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Lone and mobile working needs to be given specific consideration by employers, the self-employed and contractors responsible for risk assessment.

In addition to normal work-related risks, the extra dangers posed to those who work on their own or with little or no close supervision, however long or short the periods of time, must be carefully considered and addressed.

Lone workers are those who work by themselves without close or direct supervision, whether that’s for the whole of the work period or just for short periods of time. They may work in fixed establishments or away from their fixed base (mobile) and therefore can be found in a wide range of situations.

  • petrol stations, kiosks, shops and other examples where only one person may be working on the premises (particularly at night);
  • their own home;
  • factories, warehouses, leisure centres and fairgrounds (places where there are other people working but they can’t be immediately heard or seen);
  • outside normal hours (usually cleaners, security, facilities management staff or contractors conducting special tasks better done at this time);
  • farms, woodland and other unpopulated areas;
  • in vehicles or on other forms of transport, such as trains, travelling between locations;
  • at the roadside assisting motorists (breakdown repairers and recovery operators) or carrying out maintenance work (e.g. road sweeping); and
  • customers’ homes (delivering post and parcels, collecting rent, providing home help or fulfilling a service, such as plumbing, decorating or cleaning).


The major difference that means lone workers may be more at risk of harm than those working with others is that if things go wrong (i.e. they’re injured or become unwell) it could be more difficult and take longer to get appropriate assistance.

Wherever the risks are high, alternative methods that avoid lone working should be found.

Some health and safety regulations prohibit or place restrictions on lone working in some scenarios.

  • If the worker is a child or young person, they can’t work during certain hours (e.g. at night) alone (or at all).
  • A young person under training, e.g. on certain types of plant and machinery, must always be supervised.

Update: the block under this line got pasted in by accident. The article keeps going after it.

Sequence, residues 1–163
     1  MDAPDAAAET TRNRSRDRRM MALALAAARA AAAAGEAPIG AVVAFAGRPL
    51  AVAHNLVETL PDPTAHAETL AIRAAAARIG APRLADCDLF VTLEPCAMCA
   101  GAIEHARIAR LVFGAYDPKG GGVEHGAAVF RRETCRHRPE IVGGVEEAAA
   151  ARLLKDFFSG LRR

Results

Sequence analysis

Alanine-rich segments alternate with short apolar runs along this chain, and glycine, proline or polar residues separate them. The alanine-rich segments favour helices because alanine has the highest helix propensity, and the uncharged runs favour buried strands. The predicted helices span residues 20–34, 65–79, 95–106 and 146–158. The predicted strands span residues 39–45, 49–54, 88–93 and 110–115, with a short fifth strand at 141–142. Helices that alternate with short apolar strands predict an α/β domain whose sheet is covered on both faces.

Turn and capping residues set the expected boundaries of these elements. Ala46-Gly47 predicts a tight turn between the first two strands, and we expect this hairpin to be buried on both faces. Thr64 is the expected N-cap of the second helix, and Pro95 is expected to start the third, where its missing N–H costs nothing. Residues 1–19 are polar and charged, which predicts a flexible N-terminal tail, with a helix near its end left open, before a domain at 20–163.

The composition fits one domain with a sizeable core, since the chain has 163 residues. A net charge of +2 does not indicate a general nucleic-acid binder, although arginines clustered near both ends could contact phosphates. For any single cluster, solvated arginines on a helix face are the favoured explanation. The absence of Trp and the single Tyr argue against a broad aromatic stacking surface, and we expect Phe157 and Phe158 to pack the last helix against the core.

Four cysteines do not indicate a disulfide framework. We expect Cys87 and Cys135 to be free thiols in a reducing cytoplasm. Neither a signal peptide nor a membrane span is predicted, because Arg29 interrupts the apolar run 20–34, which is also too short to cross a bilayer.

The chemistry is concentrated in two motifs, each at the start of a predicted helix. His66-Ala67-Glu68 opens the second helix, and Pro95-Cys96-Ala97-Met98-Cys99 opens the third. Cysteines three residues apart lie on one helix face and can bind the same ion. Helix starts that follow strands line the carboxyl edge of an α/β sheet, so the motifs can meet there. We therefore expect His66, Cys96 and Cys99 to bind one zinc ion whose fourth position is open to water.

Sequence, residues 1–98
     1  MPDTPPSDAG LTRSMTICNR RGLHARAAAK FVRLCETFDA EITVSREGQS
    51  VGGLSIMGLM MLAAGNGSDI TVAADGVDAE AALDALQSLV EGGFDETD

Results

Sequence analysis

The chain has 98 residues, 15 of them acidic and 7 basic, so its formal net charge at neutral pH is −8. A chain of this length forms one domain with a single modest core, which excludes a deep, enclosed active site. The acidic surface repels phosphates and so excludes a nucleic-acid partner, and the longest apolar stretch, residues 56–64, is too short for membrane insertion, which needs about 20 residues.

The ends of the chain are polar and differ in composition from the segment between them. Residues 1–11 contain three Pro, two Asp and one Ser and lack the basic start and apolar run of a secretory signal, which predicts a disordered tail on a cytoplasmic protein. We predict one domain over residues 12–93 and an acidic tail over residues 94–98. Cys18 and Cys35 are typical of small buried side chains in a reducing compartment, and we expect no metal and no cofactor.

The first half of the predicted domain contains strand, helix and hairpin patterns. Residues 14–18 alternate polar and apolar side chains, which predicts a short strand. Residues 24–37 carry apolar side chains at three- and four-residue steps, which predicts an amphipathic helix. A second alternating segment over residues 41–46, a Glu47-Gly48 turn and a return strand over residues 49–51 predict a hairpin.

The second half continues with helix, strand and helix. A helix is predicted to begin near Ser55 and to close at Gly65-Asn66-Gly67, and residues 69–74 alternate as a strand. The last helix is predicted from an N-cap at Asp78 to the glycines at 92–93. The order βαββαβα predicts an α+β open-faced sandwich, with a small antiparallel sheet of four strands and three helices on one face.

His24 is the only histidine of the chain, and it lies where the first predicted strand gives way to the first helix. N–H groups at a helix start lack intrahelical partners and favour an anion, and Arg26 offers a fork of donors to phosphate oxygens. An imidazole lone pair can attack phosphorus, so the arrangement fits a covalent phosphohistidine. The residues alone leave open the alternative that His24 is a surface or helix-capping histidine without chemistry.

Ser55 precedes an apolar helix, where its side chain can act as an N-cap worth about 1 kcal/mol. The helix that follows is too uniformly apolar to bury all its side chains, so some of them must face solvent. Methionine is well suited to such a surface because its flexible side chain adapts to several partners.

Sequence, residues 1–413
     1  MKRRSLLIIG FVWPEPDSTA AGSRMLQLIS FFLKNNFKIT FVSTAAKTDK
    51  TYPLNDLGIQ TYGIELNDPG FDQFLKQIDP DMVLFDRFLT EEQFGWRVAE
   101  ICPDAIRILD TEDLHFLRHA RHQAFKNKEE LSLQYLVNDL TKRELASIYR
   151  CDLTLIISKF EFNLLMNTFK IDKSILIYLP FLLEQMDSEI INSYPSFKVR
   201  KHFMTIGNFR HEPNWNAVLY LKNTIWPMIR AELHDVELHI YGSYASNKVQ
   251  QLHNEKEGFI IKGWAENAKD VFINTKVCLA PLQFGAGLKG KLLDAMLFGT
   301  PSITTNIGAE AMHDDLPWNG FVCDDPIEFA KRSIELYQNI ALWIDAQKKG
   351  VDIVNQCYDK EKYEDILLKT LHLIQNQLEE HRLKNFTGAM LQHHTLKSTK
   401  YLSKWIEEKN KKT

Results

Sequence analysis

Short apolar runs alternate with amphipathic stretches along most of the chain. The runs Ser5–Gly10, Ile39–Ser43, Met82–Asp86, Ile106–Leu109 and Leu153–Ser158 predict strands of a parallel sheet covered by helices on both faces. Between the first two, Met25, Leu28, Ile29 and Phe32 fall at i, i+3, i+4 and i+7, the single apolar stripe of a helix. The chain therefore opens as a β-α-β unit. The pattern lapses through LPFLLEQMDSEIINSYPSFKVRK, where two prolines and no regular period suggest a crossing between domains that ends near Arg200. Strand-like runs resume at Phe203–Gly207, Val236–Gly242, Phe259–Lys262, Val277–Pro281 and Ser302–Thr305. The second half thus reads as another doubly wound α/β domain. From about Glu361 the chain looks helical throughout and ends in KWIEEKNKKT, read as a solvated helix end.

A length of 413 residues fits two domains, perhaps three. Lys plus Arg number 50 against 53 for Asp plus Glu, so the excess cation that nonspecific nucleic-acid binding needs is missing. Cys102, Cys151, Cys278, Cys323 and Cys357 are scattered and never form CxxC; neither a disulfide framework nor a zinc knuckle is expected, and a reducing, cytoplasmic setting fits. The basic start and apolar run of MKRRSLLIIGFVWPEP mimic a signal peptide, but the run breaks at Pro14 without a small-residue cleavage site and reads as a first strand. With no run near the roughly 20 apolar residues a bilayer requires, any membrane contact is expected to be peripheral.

• When entering certain confined spaces, rescue or recovery considerations that require an additional person to be present will apply.
  • The transport of explosives or dangerous goods, including the unloading of petrol tankers, cannot be done alone.
  • Ensure that those undertaking the risk assessment have a thorough understanding of the work to be done and that workers and safety representatives are consulted as part of the process.
  • Identify the inherent hazards of the locations and activities involved in the work. This will often be enough for the risk assessment to identify that lone working is not appropriate. For example, lone working shouldn’t ever be permitted if the work:

    - involves dangerous equipment and/or hazardous substances;

    - is to be carried out at an unsafe location, such as a quarry, construction site, estuary or tidal area, or wherever the terrain might be hazardous;

    - is to be done at height; and/or

    - requires an authorised permit to work, especially where special evacuation, recovery or rescue measures could be needed, e.g. work in confined spaces, high voltage electrical work or hot work.
  • Review each individual’s medical history and health surveillance records, as certain medical conditions could make them unsuitable for lone working.
  • Consider how easy it is for one person to get in and out of the location and what might happen in an emergency situation; Also think about whether assistance is needed in the handling of temporary access equipment, such as portable ladders and trestles.
  • Make sure that it’s within the capacity of one person to handle all plant, equipment substances, goods, livestock and people (i.e. customers and visitors) involved in the work.
  • Assess the risk of exposure to violence and aggression and, if lone working is deemed appropriate, provide suitable personal protective equipment, such as helmets, and apparatus designed to cause the assailant to desist, such as sprays and panic alarms.
  • Factor in the presence of any workers that might be more vulnerable due to a lack of experience or training.
  • Check that there is first aid provision for workers at third party premises and get mobile workers to carry a first aid kit suitable for treating minor injuries.
  • Record the risk assessment findings and develop and implement safe systems of work (SSOW).

    - Monitoring and emergency procedures should be built into the safe systems of work.
  • Inform workers of the risks and provide formal instruction and training for the work and the operation of the risk control measures, based on the safe system of work.
  • Provide specific training to ensure lone workers are suitably competent to carry out their role and self-supervise.
  • Make lone workers aware of their duties to cooperate and comply with the safety instructions and training they have been given, to take reasonable care of their own safety and that of others, and to report any matters requiring correction or review.
  • Maintain training records that include the employee’s signature to confirm they have received training and acknowledge what is required of them.
Find information on regulations that you and your business may need to comply with.
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